As Tesla’s profits and prices grabbed headlines last week, a potentially pivotal development for the global car industry flew largely under the radar.
The US electric pioneer disclosed that nearly half of the vehicles it produced in the first quarter were equipped with lithium iron phosphate (LFP) batteries – a cheaper rival to the nickel-and-cobalt-based cells that dominate in the West.
The revelation, eclipsed by the carmaker’s $19 billion revenue and Elon Musk’s Twitter charge, was the first time Tesla had disclosed such specifics about its batteries make-up.
It flashed a strong signal that iron-based cells are finally starting to win global appeal at a time when nickel is blighted by supply concerns due to major producer Russia’s war in Ukraine and cobalt is tainted by reports of dangerous conditions at artisanal mines in Democratic Republic of Congo.
Tesla is not alone in betting that LFP batteries, already popular in China, can make inroads into Western markets.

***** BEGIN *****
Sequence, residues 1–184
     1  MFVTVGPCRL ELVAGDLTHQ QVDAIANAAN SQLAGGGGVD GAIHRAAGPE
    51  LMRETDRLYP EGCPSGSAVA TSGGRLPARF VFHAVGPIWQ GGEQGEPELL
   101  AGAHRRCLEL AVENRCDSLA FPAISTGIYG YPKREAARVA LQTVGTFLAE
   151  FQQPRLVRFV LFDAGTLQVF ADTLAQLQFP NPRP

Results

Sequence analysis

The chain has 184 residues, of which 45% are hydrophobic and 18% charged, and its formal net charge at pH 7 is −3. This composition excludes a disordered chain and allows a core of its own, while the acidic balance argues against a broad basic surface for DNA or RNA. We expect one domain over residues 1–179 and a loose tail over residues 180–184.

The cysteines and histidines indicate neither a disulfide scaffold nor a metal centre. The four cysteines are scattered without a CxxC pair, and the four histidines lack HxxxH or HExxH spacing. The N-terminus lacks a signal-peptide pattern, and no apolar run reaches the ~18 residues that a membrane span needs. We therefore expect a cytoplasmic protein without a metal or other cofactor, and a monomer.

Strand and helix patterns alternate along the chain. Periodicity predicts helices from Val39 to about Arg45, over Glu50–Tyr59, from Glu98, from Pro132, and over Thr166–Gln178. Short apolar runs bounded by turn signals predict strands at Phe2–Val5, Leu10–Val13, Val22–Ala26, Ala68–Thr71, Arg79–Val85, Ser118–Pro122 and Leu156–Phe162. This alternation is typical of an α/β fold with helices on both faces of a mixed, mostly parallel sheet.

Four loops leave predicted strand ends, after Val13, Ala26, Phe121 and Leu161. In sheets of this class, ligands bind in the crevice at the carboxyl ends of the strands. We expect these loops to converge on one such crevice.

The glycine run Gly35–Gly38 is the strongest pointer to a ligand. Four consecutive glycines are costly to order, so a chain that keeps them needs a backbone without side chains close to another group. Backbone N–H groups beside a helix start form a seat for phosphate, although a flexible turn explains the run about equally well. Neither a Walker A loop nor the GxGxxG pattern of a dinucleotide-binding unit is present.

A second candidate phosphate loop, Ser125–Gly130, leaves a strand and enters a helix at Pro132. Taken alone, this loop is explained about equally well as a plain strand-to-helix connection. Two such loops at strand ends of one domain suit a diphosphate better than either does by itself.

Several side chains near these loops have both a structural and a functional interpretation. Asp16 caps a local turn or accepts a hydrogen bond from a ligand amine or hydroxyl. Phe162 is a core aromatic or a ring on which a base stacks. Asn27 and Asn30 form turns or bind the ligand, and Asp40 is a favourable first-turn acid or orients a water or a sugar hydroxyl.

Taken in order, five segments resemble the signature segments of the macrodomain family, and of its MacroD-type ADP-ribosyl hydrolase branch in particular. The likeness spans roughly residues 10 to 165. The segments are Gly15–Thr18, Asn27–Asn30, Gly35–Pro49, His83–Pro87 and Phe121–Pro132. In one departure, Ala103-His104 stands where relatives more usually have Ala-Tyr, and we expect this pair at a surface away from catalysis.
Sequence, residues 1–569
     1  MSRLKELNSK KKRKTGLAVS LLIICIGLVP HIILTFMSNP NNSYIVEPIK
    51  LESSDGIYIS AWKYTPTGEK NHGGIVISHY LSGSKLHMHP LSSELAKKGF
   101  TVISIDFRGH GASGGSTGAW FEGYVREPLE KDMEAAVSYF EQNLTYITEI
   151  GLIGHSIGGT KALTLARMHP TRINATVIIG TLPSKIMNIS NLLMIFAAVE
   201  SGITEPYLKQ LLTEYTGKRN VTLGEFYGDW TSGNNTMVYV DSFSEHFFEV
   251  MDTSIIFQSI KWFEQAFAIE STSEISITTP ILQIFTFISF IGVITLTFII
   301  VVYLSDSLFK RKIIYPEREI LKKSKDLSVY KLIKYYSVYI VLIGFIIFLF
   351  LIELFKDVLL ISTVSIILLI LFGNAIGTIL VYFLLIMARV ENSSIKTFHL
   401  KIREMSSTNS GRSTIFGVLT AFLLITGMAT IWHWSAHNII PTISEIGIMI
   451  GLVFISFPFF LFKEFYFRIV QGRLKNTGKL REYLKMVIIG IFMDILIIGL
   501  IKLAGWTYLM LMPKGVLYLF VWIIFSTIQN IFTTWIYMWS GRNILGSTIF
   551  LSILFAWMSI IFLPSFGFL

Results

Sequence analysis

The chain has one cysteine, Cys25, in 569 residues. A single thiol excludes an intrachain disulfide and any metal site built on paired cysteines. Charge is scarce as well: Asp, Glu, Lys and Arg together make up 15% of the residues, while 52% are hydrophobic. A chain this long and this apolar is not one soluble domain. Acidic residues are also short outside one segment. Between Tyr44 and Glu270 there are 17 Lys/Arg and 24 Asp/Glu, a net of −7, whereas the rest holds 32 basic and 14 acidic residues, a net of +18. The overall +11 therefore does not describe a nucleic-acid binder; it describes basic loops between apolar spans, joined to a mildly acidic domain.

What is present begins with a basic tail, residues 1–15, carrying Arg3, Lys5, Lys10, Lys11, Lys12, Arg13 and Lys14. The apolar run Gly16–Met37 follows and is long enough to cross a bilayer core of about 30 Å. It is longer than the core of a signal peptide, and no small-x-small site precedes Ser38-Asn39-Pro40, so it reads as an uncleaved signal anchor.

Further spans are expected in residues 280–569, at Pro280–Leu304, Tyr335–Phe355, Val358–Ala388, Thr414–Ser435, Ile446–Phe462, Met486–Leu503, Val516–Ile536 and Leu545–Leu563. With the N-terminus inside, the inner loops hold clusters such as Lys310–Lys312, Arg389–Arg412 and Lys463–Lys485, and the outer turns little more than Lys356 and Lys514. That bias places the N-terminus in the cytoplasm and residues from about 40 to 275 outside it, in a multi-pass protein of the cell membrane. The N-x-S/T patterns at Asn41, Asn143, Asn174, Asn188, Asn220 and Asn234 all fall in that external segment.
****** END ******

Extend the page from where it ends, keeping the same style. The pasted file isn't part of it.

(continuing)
More than a dozen companies are considering establishing factories for LFP batteries and components in the United States and Europe over the next three years, according to a Reuters review of the electric vehicle (EV) scene and interviews with several players.
“I think lithium iron phosphate has a new life,” said Mujeeb Ijaz, founder of U.S. battery startup Our Next Energy which says it is scouting a U.S. production site. “It has a clear and long-term advantage for the electric vehicle industry.”
Ijaz has worked in the field long enough to see a technology that failed to catch on in America a decade ago gather fresh momentum. He was chief technology officer at Michigan-based A123, an early producer of LFP batteries that went bankrupt in 2012 and was acquired by a Chinese company.
He and other LFP advocates cited the relative abundance and cheaper prices of iron as a key factor beginning to outweigh the drawbacks that have held back the adoption of LFP cells globally – they are bigger and heavier, and generally hold less energy than NCM cells, giving them a shorter range.
There is a mountain to climb, though.
LFP chemistry has accounted for just 3% of EV batteries in the United States and Canada in 2022 and 6% in the European Union, with nickel-cobalt-manganese (NCM) cells accounting for the rest, according to data from Benchmark Mineral Intelligence (BMI).